The longest government shutdown in our country’s history was expensive in more ways than one. The outdoor recreation economy, which made up 2.2% of total GDP in 2016, was one of the losers. According to an article written on January 4 (just 14 days into the shutdown), the National Parks Conservation Association (NPCA) estimated that the partial shutdown had already cost the National Parks Service (NPS) at least $5 million in entrance fees.
Although the NPS left some areas open, they operated with limitations and did not collect entrance fees. Fortunately, many outdoor communities stepped up to volunteer in garbage pick up and maintenance work to protect these spaces while they were vulnerable. Still, many areas had to close part of the way through the shutdown, like Joshua Tree, where the local volunteer effort was unable to keep vandalism and damage to park resources at bay without the usual workforce.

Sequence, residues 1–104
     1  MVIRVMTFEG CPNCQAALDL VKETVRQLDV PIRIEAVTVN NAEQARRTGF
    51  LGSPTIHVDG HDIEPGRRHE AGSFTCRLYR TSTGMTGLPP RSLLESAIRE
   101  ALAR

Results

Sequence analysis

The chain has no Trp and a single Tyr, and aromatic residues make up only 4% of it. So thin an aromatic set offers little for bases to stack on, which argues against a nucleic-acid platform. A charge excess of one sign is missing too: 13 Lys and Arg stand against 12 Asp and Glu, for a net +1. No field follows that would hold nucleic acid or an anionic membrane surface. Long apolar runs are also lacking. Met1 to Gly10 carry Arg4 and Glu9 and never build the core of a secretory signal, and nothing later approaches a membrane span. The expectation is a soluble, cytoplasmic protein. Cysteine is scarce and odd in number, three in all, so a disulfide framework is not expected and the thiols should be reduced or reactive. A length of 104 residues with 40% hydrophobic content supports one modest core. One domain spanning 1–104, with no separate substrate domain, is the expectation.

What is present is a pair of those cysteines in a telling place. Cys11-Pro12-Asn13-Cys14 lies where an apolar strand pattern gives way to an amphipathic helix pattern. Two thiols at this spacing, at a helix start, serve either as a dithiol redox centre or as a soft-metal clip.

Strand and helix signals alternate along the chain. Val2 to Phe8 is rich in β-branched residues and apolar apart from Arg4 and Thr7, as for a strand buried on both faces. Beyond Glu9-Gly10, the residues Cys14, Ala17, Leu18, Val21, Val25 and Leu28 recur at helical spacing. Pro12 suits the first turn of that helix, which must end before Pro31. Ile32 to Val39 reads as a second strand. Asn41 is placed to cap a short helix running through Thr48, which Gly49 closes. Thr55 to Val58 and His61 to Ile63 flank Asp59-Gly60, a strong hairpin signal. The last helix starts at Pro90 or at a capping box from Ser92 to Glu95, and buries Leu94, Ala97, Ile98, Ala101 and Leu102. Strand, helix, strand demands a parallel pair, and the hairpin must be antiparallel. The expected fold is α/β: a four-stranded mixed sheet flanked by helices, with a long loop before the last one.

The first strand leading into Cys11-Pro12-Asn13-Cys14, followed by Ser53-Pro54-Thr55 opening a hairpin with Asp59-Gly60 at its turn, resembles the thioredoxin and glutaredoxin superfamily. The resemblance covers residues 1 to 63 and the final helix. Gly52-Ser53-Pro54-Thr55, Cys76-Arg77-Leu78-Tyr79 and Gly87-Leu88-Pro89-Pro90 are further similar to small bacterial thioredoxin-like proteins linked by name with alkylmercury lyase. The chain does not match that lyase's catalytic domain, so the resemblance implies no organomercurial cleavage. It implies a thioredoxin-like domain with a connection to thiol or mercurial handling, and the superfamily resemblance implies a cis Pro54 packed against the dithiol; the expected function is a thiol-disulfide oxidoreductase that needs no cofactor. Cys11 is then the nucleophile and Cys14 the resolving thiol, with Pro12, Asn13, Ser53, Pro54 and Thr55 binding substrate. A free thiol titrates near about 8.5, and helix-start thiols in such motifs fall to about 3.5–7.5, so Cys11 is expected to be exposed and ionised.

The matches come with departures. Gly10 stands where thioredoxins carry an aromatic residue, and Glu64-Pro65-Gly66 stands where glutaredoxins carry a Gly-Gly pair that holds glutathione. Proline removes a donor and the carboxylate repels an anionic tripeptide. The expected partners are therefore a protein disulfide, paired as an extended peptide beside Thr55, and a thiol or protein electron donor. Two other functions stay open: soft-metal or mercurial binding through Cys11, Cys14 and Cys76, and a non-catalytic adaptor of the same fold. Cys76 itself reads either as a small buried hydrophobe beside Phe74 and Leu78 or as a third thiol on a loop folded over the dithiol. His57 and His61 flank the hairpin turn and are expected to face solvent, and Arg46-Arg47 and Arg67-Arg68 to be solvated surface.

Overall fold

Like any spending decision, this one had a multiplier effect. On average, tourists fund communities near national parks to the tune of $20 million in January. But during the shutdown, these towns suffered under low visitation and frequent cancellations, hurting local business sales and forcing small companies like guiding operations and climbing schools into temporary closures.
An REI Journal article provides one snapshot of this happening close to home: in Ashford, WA, a small community just outside of Mount Rainier NP. Most Rainier recreation visitors travel through Ashford on their way to the park gates, so tourism is an integral segment of Ashford’s economy. Local businesses like winter sports stores, restaurants, cafes, and hotels are all fueled by the tourist recreation industry, with an average of 28,500 visitors traveling through the town towards Rainier each January. An owner of a popular restaurant was forced to close three days a week, and hotels in Ashford are suffering cancellations as avalanche trainings are re-routed to other parks. Similar stories in gateway communities are happening across the country, as local residents feel what the Ashford restaurant owner calls “the revenue pinch” of the shutdown.
Seems like we should be saving studying for the work week so we can support our public lands and parks on the weekends. Here’s a great excuse to hike, climb, ski, and kayak this February and support local businesses. Make sure to leave no trace!